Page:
It takes between 8 to 10 years to become professional licensed in this field. In order to even practice in this field, you are required to have a doctorate, which requires at least four years of a graduate education after you have completed your bachelors degree. Usually, during the final year of your doctoral program, you will need to begin an internship that is supervised by a licensed professional that lasts two years. Once you complete that internship, you will be allowed to apply for an exam to get your license.

Related Studies

What knowledge and skills can I expect to pick up while studying forensic psychology?


Abnormal Psychology

Abnormal psychology studies unusual thinking patterns and ways of acting that result in behavioral or mental health disorders. Many disorders that are associated with abnormal psychology are treatable with a combination of counseling therapy techniques and medication. Some examples of disorders include social anxiety disorder, sexual deviation and substance abuse.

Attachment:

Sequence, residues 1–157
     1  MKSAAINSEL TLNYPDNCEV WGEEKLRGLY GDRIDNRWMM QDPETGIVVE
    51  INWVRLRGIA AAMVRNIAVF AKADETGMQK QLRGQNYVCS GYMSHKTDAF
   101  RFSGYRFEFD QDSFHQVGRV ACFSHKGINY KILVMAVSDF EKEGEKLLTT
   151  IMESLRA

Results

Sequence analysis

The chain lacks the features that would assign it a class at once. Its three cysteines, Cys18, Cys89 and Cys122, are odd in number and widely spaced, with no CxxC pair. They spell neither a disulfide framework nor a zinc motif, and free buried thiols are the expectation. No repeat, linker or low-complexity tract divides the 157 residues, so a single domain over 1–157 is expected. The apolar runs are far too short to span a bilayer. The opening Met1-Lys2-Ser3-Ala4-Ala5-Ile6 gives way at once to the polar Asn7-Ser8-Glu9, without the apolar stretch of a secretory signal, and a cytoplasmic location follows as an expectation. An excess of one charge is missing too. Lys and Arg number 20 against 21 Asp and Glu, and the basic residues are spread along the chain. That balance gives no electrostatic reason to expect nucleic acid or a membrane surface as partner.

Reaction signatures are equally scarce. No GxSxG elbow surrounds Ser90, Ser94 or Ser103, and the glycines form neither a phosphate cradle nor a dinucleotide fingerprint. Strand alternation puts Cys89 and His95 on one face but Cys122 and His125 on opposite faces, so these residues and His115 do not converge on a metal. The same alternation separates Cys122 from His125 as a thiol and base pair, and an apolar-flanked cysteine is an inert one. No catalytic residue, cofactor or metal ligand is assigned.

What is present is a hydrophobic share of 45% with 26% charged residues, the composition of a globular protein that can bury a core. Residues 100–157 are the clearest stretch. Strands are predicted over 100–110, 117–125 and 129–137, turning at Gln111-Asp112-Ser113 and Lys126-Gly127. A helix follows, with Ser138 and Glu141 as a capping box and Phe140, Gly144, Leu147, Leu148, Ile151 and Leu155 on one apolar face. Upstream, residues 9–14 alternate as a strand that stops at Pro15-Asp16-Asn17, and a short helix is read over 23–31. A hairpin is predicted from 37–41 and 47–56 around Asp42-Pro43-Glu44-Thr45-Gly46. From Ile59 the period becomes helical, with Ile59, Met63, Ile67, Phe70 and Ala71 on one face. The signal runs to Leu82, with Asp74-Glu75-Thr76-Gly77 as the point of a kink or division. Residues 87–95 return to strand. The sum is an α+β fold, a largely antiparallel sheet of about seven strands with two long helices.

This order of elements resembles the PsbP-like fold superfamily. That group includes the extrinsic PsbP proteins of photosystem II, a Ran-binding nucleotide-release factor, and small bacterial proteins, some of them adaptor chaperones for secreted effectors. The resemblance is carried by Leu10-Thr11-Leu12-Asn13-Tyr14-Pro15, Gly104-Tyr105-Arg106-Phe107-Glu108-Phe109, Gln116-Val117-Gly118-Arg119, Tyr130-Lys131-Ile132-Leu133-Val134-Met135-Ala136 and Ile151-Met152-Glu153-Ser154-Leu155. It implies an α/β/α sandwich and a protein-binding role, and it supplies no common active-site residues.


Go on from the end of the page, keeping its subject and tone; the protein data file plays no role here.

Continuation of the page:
Human Development – Adult & Child

Human development refers to the changes that people experience as they mature emotionally, physically and intellectually. Human development theories present timelines that illustrate how people ordinarily develop social, mental and motor skills at different phases of growth. It discusses what level of development is considered normal at different points in a person’s childhood, adolescence and adulthood.

Personality Psychology

Personality psychology examines the thoughts, feelings and patterns of behavior that make each person unique. Some topics that are covered include emotional intelligence, motivation and the difference between people who are extroverted and people who are introverted. It also discusses personality disorders and the possible effect of genetics on personality.


Victimology explores the mental and emotional effects that victims of crime experience. It examines the relationships between victims and criminal offenders as well as the interaction between victims and groups like the media and law enforcement. It also studies the way that criminals choose people to victimize.

Psychology Ethics & Law